Tell that to the guy who missed re-entering the market because it recovered so fast and he thought it will drop again. Still waiting for the SP500 to drop below 3000 in order to not realize the loss. He might be waiting for the rest of his life.

Maybe you think this guy isn’t real, but there are probably thousands of them. One example:


From what I read, my understanding is that some (most?) people think that timing the market means getting out at the perfect top and in at the perfect bottom. Nobody can do that.

When you go out or in, it’s important to know the exact reasons why you do so and what are the scenarios you’re expecting and could have to deal with. The market can be overvalued and correct it by staying flat for a few years. The people who are out now based only on publicly available information and without special insight will have problem getting back in. They are making a bet based on what they think (or feel) is a fair value for the market and a belief that when the market gets away from that value, it has to get back to it and doing so drives prices below the level at which they are now. They don’t have a plan to get out and, even more, don’t have one to get in so, yes, they can stay out forever.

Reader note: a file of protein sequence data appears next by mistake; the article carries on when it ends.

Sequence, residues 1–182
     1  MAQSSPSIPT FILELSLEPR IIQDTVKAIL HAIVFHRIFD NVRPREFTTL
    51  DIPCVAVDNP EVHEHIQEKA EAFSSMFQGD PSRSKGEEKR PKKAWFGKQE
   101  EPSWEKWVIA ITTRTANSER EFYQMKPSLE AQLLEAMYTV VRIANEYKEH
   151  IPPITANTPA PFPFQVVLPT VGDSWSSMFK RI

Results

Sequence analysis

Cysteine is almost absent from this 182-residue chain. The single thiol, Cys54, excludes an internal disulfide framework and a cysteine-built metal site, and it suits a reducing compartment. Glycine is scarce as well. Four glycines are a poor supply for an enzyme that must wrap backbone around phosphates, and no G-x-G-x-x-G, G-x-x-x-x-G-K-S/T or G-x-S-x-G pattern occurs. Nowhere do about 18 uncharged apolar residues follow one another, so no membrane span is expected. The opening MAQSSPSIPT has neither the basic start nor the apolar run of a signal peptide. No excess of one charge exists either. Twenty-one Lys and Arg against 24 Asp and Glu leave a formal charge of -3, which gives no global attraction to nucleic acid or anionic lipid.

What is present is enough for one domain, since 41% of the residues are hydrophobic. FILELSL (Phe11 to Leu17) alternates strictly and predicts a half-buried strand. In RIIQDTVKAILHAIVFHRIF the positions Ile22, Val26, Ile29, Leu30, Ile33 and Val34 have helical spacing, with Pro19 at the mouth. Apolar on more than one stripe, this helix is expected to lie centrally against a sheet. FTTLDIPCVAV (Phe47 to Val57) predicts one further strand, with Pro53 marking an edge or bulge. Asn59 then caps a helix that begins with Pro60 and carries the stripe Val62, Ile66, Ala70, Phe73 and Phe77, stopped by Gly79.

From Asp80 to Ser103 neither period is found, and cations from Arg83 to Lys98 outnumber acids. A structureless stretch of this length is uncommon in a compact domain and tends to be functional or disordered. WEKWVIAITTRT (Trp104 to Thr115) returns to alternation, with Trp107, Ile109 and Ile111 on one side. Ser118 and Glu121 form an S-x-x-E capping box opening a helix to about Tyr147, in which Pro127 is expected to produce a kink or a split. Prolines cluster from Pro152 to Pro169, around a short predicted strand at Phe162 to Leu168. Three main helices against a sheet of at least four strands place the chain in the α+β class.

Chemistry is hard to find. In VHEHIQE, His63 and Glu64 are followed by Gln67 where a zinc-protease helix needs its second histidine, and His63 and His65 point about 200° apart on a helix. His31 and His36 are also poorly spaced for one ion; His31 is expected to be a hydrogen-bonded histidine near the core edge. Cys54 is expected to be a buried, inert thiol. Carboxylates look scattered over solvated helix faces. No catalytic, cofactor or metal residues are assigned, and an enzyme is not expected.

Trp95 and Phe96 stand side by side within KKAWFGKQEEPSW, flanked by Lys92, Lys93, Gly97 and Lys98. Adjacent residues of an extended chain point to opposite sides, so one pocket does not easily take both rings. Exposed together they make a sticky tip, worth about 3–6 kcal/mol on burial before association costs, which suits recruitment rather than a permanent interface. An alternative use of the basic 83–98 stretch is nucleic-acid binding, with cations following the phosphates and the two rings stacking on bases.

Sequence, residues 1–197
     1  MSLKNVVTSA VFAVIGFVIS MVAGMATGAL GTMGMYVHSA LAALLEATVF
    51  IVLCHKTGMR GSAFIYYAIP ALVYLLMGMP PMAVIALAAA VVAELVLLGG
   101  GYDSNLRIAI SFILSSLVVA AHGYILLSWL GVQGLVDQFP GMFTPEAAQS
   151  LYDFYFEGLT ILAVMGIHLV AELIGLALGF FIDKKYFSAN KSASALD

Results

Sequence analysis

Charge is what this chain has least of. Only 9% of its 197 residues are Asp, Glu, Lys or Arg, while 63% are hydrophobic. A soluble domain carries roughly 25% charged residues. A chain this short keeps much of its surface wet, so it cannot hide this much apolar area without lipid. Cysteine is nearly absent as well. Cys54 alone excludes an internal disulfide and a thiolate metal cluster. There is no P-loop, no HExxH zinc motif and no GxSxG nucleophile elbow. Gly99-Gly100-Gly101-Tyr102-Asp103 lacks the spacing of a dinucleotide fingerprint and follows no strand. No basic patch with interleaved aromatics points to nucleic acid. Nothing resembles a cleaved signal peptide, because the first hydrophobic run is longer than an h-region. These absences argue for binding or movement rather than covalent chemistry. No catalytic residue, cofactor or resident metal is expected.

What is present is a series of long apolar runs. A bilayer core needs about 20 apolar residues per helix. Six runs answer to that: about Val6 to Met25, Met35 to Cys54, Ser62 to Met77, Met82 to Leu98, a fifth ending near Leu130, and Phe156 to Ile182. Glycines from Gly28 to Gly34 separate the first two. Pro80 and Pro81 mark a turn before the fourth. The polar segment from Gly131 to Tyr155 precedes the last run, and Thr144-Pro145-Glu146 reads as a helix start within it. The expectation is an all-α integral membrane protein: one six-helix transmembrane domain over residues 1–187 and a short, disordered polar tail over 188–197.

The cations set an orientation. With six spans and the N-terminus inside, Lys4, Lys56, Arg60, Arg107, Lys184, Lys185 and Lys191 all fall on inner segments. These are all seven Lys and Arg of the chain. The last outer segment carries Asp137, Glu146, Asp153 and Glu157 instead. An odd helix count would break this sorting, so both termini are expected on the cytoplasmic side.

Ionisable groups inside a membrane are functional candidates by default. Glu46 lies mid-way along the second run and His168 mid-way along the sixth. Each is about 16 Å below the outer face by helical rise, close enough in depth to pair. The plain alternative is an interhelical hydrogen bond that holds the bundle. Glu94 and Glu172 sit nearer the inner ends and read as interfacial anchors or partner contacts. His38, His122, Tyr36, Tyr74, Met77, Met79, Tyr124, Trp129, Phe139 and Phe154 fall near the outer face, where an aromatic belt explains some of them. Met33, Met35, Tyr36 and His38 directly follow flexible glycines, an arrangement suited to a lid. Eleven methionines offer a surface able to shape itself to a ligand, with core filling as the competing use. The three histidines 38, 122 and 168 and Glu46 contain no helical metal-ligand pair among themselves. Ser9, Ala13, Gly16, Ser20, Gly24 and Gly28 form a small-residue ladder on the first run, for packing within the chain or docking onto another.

The market can be overvalued, and it can correct itself, and prices may never ever be as low as they are now, the three can apply without conflicting with each other.

When trying to time the market, basic principles still apply. On average, stocks go up more than they go down. That means that you want to be in more than to be out. In case of doubt, be in. If you are freaking out and don’t know when to get back in, that means two things: you should seriously assess your assets allocation, and whatever part of your portoflio is dedicated to stocks should be invested.

britbanker’s thread is very aptly named: you have to have a plan, and then, stick to it. Acting without a plan or not sticking to your plan and getting left with only beliefs and feelings about where you think stocks should be has nothing to do with the difficulty of timing the market. Don’t invest without a plan. Craft a plan, write down your plan, follow your plan.


Vanguard investors are smart.
Be like Vanguard investors :wink:



It was indeed my first crash but personally I think it was an easy one to cope with.
At the time I was so much more worried about other things (e.g. the health of the people I love) that I didn’t pay much attention to the market performance.
A healthy amount of cash in the bank account helped a lot as well for the peace of mind.

As you do, I also invest quarterly so I bought the usual etfs at the end of March without overthinking it…and then 3 months later the markets were back again in good shape.

I think it will be much harder to stay the course in a slowly falling market which would take months (or years) to get to the bottom.


I totally agree here. I made this point in another thread to warn against overconfidence.


Hi @britbanker,

good observation - and congrats to sticking to a simple and successful strategy.